Tom Glavine to speak up for bill to ‘ungamble’ fantasy sports contests

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Former Braves pitcher and Major League Hall of Famer Tom Glavine in a 2015 file photo. AJC/Special

Former Atlanta Braves pitcher Tom Glavine will be at the state Capitol this morning on behalf of the forces behind House Bill 118, the bill that would declare Internet-based fantasy sports contests to be games of skill rather than chance.

The measure, sponsored by state Rep. Trey Kelley, R-Cedartown, passed out of the Senate regulated industries committee on Monday.

Consider Glavine’s appearance as a sign that the bill, now in a Senate Rules Committee chaired by Jeff Mullis, R-Chickamauga, is on its way toward a quick floor vote.

By constitutional ban and legal precedent, critics say fantasy sports contests currently are considered gambling. HB 118 is part of a nationwide state-by-state effort by the industry to reclassify the contests.

The Georgia Baptist Mission Board and the Faith and Freedom Coalition are among the bill’s opponents. On her Facebook page, Virginia Galloway, regional director for the Faith and Freedom Coalition, noted the yeas and nays from Monday’s committee meetings.

Yes votes came from Frank Ginn, R-Danielsville; Ed Harbison, D-Columbus; Renee Unterman, R-Buford; Steve Henson, D-Tucker; David Lucas, D-Macon; Butch Miller, R-Gainesville; and Mullis, the Senate rules chairman.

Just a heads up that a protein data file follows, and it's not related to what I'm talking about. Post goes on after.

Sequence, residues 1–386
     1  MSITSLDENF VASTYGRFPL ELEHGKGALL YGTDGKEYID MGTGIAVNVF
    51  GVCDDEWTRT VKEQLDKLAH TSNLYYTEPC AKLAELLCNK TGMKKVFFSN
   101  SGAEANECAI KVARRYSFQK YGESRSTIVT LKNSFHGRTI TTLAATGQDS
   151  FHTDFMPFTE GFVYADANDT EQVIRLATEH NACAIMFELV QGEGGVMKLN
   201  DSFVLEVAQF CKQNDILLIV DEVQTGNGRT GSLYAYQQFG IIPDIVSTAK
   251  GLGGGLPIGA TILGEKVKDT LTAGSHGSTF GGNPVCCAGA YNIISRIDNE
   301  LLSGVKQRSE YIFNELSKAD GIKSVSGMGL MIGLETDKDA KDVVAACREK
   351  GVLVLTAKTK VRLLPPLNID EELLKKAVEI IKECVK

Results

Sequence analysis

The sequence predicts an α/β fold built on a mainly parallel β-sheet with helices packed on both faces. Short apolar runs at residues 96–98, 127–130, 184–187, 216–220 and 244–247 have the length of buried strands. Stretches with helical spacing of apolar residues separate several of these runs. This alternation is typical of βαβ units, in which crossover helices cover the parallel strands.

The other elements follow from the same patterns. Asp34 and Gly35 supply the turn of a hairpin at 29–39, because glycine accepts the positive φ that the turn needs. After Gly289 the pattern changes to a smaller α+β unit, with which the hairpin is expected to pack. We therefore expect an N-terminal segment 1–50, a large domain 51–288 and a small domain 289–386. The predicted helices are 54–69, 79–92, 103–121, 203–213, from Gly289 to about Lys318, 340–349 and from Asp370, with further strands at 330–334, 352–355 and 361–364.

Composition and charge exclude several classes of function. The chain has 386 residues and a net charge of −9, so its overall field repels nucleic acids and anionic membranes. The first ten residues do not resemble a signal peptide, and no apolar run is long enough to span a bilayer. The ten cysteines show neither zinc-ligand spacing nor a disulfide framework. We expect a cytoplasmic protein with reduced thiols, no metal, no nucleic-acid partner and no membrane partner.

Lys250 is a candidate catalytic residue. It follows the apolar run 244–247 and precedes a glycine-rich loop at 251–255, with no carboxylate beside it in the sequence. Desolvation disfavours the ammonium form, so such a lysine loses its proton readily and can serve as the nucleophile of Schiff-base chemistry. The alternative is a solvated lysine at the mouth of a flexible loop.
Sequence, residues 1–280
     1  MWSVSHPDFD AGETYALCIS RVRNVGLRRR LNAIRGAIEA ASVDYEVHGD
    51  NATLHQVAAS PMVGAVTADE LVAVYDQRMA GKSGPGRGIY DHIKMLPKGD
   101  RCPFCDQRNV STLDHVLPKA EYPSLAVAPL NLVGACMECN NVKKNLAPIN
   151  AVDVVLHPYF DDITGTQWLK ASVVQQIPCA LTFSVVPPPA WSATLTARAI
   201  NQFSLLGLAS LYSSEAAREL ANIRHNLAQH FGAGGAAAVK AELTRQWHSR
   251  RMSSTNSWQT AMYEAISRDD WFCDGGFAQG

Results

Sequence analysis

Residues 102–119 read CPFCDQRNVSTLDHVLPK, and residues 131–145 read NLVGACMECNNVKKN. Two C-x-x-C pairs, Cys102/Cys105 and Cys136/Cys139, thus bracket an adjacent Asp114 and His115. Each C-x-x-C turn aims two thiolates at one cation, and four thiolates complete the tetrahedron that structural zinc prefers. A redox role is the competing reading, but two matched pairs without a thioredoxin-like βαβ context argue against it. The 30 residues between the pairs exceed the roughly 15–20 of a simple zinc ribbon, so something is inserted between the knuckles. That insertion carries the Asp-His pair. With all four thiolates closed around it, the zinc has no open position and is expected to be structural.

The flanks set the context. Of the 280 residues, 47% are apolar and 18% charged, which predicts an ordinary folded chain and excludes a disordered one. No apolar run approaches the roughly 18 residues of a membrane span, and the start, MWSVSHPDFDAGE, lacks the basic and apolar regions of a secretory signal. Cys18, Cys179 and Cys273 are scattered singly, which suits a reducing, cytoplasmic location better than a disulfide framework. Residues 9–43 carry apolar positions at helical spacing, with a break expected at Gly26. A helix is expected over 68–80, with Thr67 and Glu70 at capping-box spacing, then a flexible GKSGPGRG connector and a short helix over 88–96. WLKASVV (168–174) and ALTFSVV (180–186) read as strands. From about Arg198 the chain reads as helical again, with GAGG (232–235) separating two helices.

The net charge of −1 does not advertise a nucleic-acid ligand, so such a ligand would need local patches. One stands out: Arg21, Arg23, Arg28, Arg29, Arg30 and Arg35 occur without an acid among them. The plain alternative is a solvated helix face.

No votes were sourced to Jack Hill, R-Reidsville; Josh McKoon, R-Columbus; David Shafer, R-Duluth, and John Kennedy, R-Macon.

Missing were Senate Majority Leader Bill Cowsert, R-Athen, and Steve Gooch, R-Dahlonega.

 



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Former Gov. Sonny Perdue is hoping an old Democratic friend from his days in the General Assembly can help boost his bipartisan credentials during his confirmation hearing later this week.

Perdue and his team have tapped current U.S. Rep. David Scott, D-Atlanta, to introduce him ahead of his testimony to the Senate Agriculture Committee on Thursday morning. It’s akin to an in-person reference at a job interview — one with C-SPAN cameras, about two dozen interviewers and countless reporters on the sidelines.

The two served as Democrats together in the state Senate for eight years before Perdue switched to the GOP in 1998. They spent four more years working together after that.

Team Perdue is hoping that Scott’s public endorsement will show senators that he’s got friends on both sides of the aisle and is willing to work with others to get things done as head of the sprawling Department of Agriculture. The Republican has already won the endorsement and kind words of many Senate Democrats.

Scott, a senior Democrat on the House Agriculture Committee, said he plans to talk about his work with Perdue in the legislature and what the former governor’s appointment could mean for the ag world. “He’s the right person at the right time at the right place,” Scott said Monday.

As an African-American, Scott would also be just the person to field any questions about the flap over Georgia’s 1956 state flag and its Confederate battle emblem. Gov. Roy Barnes’ decision to haul it down in 2001 became a crucial part of Perdue’s successful 2002 bid to become the state’s first Republican governor in modern Georgia history.